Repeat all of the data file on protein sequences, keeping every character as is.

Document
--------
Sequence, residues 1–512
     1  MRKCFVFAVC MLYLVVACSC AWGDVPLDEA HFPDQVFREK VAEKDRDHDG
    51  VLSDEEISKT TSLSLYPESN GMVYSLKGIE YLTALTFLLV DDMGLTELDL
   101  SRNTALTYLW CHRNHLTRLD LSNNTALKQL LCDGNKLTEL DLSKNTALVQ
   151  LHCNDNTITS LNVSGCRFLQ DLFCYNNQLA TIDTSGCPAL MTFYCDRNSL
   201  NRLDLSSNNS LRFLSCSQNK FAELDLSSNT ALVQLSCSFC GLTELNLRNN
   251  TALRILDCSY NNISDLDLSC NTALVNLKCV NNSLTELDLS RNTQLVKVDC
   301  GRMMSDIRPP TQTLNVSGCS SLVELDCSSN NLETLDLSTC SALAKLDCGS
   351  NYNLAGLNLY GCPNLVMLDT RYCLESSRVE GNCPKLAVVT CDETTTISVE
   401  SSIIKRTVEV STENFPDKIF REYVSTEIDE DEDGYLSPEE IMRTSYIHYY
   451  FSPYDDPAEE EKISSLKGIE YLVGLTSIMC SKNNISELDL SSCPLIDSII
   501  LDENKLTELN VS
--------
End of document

Sequence, residues 1–512
     1  MRKCFVFAVC MLYLVVACSC AWGDVPLDEA HFPDQVFREK VAEKDRDHDG
    51  VLSDEEISKT TSLSLYPESN GMVYSLKGIE YLTALTFLLV DDMGLTELDL
   101  SRNTALTYLW CHRNHLTRLD LSNNTALKQL LCDGNKLTEL DLSKNTALVQ
   151  LHCNDNTITS LNVSGCRFLQ DLFCYNNQLA TIDTSGCPAL MTFYCDRNSL
   201  NRLDLSSNNS LRFLSCSQNK FAELDLSSNT ALVQLSCSFC GLTELNLRNN
   251  TALRILDCSY NNISDLDLSC NTALVNLKCV NNSLTELDLS RNTQLVKVDC
   301  GRMMSDIRPP TQTLNVSGCS SLVELDCSSN NLETLDLSTC SALAKLDCGS
   351  NYNLAGLNLY GCPNLVMLDT RYCLESSRVE GNCPKLAVVT CDETTTISVE
   401  SSIIKRTVEV STENFPDKIF REYVSTEIDE DEDGYLSPEE IMRTSYIHYY
   451  FSPYDDPAEE EKISSLKGIE YLVGLTSIMC SKNNISELDL SSCPLIDSII
   501  LDENKLTELN VS